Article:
When it comes to systemizing your business, one of the hardest areas to streamline is the daily chore of making decisions. But.. how do we actually systemize something that is as nebulous as a decision?
The answer: use a Decision Tree!
In this video, we’re going over what a Decision Tree is, how to use a Decision Tree, the pros of using one for the simplest (and more complex!) decisions in your business, and common mistakes to avoid.
How to systemize decisions
As business owners (and just living, breathing human beings), we are in a constant state of making decisions.
- Should I process this refund even though the customer is technically 12 hours over the deadline?
- For my upcoming launch should I send an email funnel or a social media campaign?
It can be exhausting! Thankfully, we’re here to talk about decision trees and how they can help take some of the mental stress “which option should I choose??” off your plate.
What is a decision tree? (and all of its benefits!)
Decisions trees work by asking you a series of questions, prompting you to work your way through the “tree” until you come to a decision.
Not only can this help you make faster decisions, but it can even help people around you and on your team go through the same decision-making process that you do.
Here’s an example of what an easy one could look like:
Because they’re visual in nature, this process takes the guesswork out of determining which decision is the right one to make.
At ProcessDriven, one of the most valuable decision trees we’ve ever made was to figure out who would handle incoming emails. Prior to our recent growth, Layla wore all the hats, including answering all incoming ProcessDriven emails. With a decision tree, we were able to delegate which emails, whether they were pertaining to sales inquiries or sponsorship opportunities, would go to which new team member.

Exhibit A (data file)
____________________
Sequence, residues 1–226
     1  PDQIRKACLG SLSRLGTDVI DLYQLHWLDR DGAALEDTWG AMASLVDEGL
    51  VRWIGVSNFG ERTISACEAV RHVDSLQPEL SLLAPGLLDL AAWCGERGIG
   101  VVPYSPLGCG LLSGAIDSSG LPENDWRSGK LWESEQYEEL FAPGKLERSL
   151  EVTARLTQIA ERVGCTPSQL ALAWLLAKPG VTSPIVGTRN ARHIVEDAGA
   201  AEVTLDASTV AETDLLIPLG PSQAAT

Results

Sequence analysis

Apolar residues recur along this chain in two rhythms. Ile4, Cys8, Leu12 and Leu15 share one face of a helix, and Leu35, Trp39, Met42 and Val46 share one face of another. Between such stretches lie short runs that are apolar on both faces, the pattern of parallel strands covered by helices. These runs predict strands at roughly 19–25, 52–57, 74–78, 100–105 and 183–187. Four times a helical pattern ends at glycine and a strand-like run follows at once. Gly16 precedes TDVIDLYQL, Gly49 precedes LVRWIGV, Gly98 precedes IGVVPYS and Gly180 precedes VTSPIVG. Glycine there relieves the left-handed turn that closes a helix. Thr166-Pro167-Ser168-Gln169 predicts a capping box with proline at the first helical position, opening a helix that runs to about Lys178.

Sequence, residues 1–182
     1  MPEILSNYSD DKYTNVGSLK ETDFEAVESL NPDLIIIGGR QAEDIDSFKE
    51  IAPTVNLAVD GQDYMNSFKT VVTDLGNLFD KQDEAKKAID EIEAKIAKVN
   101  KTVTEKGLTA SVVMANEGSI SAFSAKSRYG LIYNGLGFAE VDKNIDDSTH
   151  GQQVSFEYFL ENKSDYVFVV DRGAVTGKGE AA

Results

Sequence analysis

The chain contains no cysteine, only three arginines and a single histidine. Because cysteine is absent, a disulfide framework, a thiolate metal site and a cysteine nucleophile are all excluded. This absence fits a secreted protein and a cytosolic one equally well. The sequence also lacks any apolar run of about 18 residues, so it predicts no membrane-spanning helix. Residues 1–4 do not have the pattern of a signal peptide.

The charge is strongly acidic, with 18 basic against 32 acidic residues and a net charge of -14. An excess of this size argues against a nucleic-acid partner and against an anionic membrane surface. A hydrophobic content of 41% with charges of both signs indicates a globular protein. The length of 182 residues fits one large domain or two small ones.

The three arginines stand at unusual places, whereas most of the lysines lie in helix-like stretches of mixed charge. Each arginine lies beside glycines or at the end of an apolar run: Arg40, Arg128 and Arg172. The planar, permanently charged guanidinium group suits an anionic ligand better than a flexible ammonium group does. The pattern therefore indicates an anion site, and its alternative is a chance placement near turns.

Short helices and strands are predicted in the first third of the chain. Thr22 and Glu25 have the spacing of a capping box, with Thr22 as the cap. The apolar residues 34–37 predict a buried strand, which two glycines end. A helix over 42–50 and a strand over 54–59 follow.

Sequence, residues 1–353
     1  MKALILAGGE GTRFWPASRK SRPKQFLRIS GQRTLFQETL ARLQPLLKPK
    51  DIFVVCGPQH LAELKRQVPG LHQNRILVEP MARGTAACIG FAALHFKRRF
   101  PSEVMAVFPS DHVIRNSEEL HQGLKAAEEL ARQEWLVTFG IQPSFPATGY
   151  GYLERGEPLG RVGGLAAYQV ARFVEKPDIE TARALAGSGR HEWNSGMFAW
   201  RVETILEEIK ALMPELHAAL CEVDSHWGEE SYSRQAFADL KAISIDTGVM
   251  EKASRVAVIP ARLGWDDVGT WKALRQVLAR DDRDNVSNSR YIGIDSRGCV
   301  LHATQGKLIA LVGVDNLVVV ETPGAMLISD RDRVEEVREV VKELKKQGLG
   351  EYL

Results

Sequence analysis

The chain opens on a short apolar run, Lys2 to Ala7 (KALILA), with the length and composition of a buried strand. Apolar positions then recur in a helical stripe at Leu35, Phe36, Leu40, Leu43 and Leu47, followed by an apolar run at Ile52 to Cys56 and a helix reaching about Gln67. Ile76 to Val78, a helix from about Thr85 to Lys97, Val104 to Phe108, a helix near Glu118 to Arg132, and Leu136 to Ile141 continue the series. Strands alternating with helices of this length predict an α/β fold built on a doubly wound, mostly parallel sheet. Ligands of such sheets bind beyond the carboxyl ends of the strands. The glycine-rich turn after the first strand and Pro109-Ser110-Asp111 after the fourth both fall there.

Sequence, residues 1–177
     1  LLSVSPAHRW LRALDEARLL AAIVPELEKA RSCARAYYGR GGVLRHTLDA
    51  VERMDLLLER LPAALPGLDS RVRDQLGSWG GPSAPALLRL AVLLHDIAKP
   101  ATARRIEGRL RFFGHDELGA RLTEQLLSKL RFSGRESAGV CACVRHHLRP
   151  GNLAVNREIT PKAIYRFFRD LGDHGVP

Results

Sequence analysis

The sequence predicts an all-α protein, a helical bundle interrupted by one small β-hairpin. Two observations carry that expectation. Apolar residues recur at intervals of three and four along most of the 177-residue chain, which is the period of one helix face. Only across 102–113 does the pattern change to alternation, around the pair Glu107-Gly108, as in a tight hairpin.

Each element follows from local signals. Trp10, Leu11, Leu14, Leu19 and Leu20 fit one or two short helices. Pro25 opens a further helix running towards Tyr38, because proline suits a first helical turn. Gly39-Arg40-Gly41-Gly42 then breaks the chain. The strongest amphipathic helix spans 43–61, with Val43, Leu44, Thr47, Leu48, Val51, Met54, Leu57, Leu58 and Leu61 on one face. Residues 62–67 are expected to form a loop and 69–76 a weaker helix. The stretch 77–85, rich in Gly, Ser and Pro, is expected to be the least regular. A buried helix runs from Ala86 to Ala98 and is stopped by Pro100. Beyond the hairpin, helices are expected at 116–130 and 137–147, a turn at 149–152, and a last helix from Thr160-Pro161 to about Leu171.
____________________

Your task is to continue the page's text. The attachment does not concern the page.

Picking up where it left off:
This has created a workflow like no other. Now, thanks to your decision tree, we know exactly who’s up to bat when any email comes in, regardless of what it’s about.
Learn more about the benefits of a decision tree starting at 00:36.
The downsides of a Decision Tree (and how to make them work for you)
Now, decision trees can be a really great option to help make decisions, but there are a few downsides.
Decision trees can be overwhelming if you include every possible variable. We’ve seen people build out incredibly complex decision trees with hundreds upon hundreds of possible decisions. While they’re beautiful and it’s amazing to have so much detail embedded in them, there’s no doubt that it would be overwhelming.
- Tip to combat this: Create a number of simple decision trees. Rather than making one huge tree for something that can really be broken out into smaller “micro” decisions, this makes it much easier to find what the often complex answer you’re looking for.
On the flip side, sometimes decision trees can be TOO simple. If we don’t account for enough variables, it might push the person to make a rash decision without considering other possibilities.
Lastly, if they’re not framed in the right way, they can come off as micromanaging. Even if you have the best of intentions, you don’t want to make the people on your team feel as if they don’t have the ability or knowledge to make a decision at all without referring to you first. Alternatively, if you’re hiring contractors, you don’t want to micromanage every single little decision because you want them to use their expertise to help you. Keep in mind — any time you want someone to be creative or are hiring someone for their expertise, keep it simple.
Create decision trees to save time and energy, not to replace creative thinking.
Key takeaway: Decisions can be systemized!
Keep in mind — decision trees need to be editable to evolve. Just like your SOPs, you want to be able to edit and add in new things when you make key decisions. Don’t become the bottleneck in your business when it comes to keeping these updated!
Want to learn our full framework for designing processes in ClickUp? Check out our FREE workshop, The ClickUp Blueprint, to learn more.